Nursery equipment: Safety checklists

From the beginning of a child's life, products, such as cribs, high chairs and other equipment intended for a child must be selected with safety in mind. Parents and caretakers of babies and young children need to be aware of the many potential hazards in their environment - hazards occurring through misuse of products or those involved with products that have not been well designed for use by children.

This checklist is a safety guide to help you when buying new or secondhand nursery equipment. It also can be used when checking over nursery equipment now in use in your home or in other facilities that care for infants and young children.

Ask yourself: Does the equipment have the safety features in this checklist? If not, can missing or unsafe parts be easily replaced with the proper parts? Can breaks or cracks be repaired to give more safety? Can I fix the older equipment without creating a "new" hazard?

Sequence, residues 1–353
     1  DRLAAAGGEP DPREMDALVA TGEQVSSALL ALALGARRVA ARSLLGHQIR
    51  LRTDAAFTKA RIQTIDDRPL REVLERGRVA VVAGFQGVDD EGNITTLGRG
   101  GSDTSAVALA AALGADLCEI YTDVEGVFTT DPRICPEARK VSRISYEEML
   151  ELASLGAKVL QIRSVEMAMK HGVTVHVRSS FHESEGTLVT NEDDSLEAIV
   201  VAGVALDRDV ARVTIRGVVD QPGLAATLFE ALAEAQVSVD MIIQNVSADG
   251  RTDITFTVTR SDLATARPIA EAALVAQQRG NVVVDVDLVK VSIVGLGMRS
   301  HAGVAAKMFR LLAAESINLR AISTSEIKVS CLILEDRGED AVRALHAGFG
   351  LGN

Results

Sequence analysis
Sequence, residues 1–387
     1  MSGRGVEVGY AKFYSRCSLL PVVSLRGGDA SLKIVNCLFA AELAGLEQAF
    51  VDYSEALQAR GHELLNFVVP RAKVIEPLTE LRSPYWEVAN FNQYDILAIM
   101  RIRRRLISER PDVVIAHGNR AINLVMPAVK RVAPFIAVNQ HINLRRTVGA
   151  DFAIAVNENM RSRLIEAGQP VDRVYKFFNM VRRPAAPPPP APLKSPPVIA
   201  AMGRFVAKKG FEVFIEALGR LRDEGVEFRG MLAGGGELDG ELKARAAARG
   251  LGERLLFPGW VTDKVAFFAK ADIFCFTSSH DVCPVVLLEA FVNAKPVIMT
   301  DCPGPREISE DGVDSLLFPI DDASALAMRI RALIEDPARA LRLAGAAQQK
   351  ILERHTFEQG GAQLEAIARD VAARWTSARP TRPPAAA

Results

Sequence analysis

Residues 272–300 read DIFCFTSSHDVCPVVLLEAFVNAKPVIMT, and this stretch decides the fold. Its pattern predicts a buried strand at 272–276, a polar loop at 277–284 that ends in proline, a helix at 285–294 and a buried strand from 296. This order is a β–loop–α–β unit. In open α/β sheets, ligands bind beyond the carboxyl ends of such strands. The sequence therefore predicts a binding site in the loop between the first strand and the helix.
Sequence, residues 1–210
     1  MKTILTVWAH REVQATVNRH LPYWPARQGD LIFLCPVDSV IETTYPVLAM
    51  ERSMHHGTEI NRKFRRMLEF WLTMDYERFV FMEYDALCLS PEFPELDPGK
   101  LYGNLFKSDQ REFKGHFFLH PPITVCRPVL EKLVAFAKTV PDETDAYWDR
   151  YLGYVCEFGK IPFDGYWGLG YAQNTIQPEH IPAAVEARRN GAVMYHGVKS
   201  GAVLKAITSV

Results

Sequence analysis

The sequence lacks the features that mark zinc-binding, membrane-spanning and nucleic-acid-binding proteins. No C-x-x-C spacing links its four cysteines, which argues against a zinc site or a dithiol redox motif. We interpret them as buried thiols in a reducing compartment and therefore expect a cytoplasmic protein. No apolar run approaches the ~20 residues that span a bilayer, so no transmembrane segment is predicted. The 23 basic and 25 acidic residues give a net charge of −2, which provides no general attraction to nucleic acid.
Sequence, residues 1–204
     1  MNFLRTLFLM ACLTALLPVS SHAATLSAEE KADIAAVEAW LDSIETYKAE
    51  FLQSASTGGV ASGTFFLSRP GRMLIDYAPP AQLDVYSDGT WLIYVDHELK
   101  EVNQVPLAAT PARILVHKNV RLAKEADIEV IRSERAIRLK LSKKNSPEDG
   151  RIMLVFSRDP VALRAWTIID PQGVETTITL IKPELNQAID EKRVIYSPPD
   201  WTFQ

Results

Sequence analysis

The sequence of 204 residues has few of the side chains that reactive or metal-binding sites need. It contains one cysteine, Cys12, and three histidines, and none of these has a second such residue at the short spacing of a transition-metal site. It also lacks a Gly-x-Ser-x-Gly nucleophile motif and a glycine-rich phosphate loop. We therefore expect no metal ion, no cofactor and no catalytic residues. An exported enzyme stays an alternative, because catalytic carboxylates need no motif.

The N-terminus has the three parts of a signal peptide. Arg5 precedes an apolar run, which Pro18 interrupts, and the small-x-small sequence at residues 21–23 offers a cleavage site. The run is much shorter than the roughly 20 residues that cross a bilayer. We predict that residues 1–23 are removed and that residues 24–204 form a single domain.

If most of your answers are "NO," the equipment is beyond help and should be discarded. If the equipment can be repaired, do the repairs before you allow any child to use it.

The Consumer Product Safety Commission's concern is that the children in your care have a safe environment in which to grow.



    YES NO
1. Carrier has restraining strap to secure child. ___ ___
2. Leg openings are small enough to prevent child from slipping out. ___ ___
3. Leg openings are large enough to prevent chafing. ___ ___
4. Frames have no pinch points in the folding mechanism. ___ ___
5. Carrier has padded covering over metal frame near baby's face. ___ ___

THE COMMISSION RECOMMENDS: Do not use until baby is 4 or 5 months old. By then baby's neck is able to withstand jolts and not sustain an injury.

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